Petersburg Medals of Honor: Attracted General Custer’s Attention

   

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in Deeds of Valor, Volume 1

ATTRACTED GENERAL CUSTER’S ATTENTION1

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DoVV1Pg511WilmonWBlackmar1stWVCav

WILMON W. BLACKMAR,
Lieutenant, Company H, 1st W. V. Cav.
Highest rank attained: Capt.
Born in Bristol, Pa., July 1841.

At the battle of Five Forks, Va., April 1, 1865, Lieutenant Wilmon W. Blackmar, of Company H, First West Virginia Cavalry was brigade provost-marshal on the staff of General Capehart, commander of the First Brigade of General Custer’s Cavalry Division. General Capehart’s Brigade had been ordered to join in the general charge and follow what seemed to be the main body of the Confederates. The order was carried out. Presently Lieutenant Blackmar saw the flankers being driven in and riding to their assistance made the startling discovery that the brigade was in pursuit of a small detachment only, the main body of the enemy being posted in another direction. He also observed that the enemy were about to take advantage of the mistake and by a bold move push their troops between the cavalry and infantry in the Union line of battle. He rode rapidly after and overtook his brigade commander, hastily told what he had discovered and was ordered to ride back at once and form the brigade in line of battle (facing the enemy’s position) as rapidly as it should be turned back to him. He formed a new line of battle on the edge of a deep ditch facing in the new direction. The situation was highly critical, and no one realized the danger more keenly than Lieutenant Blackmar. He had no authority to give orders to advance, nevertheless he assumed the responsibility, not waiting for the arrival of the larger portion of the brigade now moving rapidly toward the new line, and with the brigade colors and that portion of the brigade which had arrived, he ordered a charge, jumped the ditch and a most brilliant and impetuous charge was thus begun. The charge was made so irresistibly that the Confederates fled in great confusion; the brigade pursued for more than five miles, picking up prisoners, cannon, wagons and ambulances from the utterly demoralized enemy.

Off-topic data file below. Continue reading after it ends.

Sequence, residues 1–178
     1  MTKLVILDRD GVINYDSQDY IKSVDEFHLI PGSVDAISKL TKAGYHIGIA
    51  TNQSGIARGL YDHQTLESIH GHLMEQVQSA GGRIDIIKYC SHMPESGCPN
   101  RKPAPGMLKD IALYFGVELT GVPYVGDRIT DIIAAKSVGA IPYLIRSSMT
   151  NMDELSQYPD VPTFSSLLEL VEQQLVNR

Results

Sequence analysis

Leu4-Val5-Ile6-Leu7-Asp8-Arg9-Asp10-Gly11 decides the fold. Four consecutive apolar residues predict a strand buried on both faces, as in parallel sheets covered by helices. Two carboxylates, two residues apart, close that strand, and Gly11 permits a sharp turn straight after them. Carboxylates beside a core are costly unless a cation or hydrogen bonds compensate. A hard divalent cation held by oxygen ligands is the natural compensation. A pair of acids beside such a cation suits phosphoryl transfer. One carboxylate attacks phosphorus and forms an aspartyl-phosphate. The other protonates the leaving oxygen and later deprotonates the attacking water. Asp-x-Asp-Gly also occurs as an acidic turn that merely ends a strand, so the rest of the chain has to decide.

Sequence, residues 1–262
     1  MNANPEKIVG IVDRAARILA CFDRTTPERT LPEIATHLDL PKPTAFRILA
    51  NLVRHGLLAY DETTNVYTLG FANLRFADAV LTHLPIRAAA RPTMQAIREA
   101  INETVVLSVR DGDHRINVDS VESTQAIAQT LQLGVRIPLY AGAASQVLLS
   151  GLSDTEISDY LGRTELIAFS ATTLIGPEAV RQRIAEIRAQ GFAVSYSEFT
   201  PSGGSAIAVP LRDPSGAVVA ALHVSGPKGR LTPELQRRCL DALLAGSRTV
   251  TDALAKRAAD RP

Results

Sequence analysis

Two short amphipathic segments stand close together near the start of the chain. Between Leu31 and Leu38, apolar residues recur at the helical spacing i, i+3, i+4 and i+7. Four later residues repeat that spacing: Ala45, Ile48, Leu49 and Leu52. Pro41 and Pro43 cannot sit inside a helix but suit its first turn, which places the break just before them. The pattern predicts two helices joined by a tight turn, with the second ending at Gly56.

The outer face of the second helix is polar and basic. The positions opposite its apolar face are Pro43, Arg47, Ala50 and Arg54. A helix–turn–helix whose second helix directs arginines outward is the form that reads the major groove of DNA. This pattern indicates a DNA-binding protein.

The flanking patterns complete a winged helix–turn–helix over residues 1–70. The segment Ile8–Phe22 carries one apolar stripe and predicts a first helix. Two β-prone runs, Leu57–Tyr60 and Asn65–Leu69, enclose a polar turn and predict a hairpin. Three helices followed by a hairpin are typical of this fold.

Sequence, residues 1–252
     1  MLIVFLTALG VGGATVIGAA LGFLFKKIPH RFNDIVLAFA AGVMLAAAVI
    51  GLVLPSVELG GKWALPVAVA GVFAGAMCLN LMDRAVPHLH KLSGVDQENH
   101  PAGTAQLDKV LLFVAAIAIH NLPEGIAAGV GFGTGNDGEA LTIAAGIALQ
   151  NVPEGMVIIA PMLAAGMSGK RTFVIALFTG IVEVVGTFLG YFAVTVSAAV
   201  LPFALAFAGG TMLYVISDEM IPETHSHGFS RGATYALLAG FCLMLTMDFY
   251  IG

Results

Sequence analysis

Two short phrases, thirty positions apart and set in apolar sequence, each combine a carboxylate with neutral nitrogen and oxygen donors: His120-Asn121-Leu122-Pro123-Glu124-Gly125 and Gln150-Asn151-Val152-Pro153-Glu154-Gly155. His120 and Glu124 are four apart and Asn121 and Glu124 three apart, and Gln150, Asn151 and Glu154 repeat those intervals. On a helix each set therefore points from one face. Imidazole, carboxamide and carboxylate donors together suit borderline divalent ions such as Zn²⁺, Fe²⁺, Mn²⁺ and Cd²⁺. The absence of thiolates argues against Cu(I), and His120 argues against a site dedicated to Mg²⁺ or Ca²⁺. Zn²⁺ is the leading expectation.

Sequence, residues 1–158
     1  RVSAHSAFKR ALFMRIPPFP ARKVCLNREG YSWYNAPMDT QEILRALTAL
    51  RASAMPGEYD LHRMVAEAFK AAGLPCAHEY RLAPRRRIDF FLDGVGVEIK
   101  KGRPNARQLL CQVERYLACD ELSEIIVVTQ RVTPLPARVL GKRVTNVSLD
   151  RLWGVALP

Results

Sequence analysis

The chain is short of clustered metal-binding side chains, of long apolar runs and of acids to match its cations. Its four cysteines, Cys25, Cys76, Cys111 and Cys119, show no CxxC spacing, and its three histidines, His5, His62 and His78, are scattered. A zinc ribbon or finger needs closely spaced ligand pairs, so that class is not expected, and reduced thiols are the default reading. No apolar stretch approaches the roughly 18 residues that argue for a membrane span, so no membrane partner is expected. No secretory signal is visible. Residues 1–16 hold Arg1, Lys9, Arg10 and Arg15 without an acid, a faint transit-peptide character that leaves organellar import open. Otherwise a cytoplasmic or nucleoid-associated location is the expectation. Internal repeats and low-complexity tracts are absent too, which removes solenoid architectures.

General George A. Custer, happened to be an eye-witness of this incident and riding to Lieutenant Blackmar’s side he laid his hand on his shoulder and called him captain, at the same time joining in the charge. Recommendations from Generals Custer and Capehart promptly brought Lieutenant Blackmar commission as captain of cavalry.

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DoVV1Pg512No1HoratioKingQMDept

HORATIO KING,
Maj. and Quartermaster, U. S. V.
Highest rank attained:
Brevet-Colonel. U. S. Volunteers.
Born in Portland. Maine, December 22, 1837.

On the 31st of March, 1865, Sheridan’s Cavalry Corps developed two divisions of Confederate infantry and one of cavalry near Five Forks, Va., and Major Horatio King, chief quartermaster of the first division, feeling that he could safely leave his train in charge of the senior brigade quartermaster, tendered his services to General Devin as a volunteer aide on his staff and was granted permission to accompany him. Owing to the wooded character of the country the cavalry fought dismounted. The ground was stubbornly contested until about four P. M., when a report was brought from the Seven[teen]th Pennsylvania Cavalry that the Federal line was driven back. At this time Major King was the only staff officer remaining with General Devin, commanding the division, and he was requested to hunt up the reserve brigade under General Gibbs and hurry them to the aid of the Second Brigade. The reserve was somewhere on the extreme left of the line, so, following the direction of the firing with all possible speed for about three-quarters of a mile, the major found General Gibbs, delivered his orders, and proceeded with him at once to the critical position where the brigade was deployed. They arrived just in time to repel a charge of the Confederate infantry and save the line from serious disaster, Major King accompanying General Gibbs and participating in the charge.

The fighting continued until dark, when, finding that the troops he had were unequal to the task of dislodging the Confederates from their strong works, General Devin withdrew his forces to the neighborhood of Dinwiddie Court House. On the following day, in consequence of the imminent danger of the train, General Sheridan directed Major King to return and resume charge.

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Read about even more Medal of Honor winners at the Siege of Petersburg:

Source:

  1. Beyer, Walter F. and Keydel, Oscar F. Deeds of Valor: How America’s Heroes Won the Medal of Honor…, Volume 1 (The Perrien – Keydel  Company: 1901), pp. 511-512

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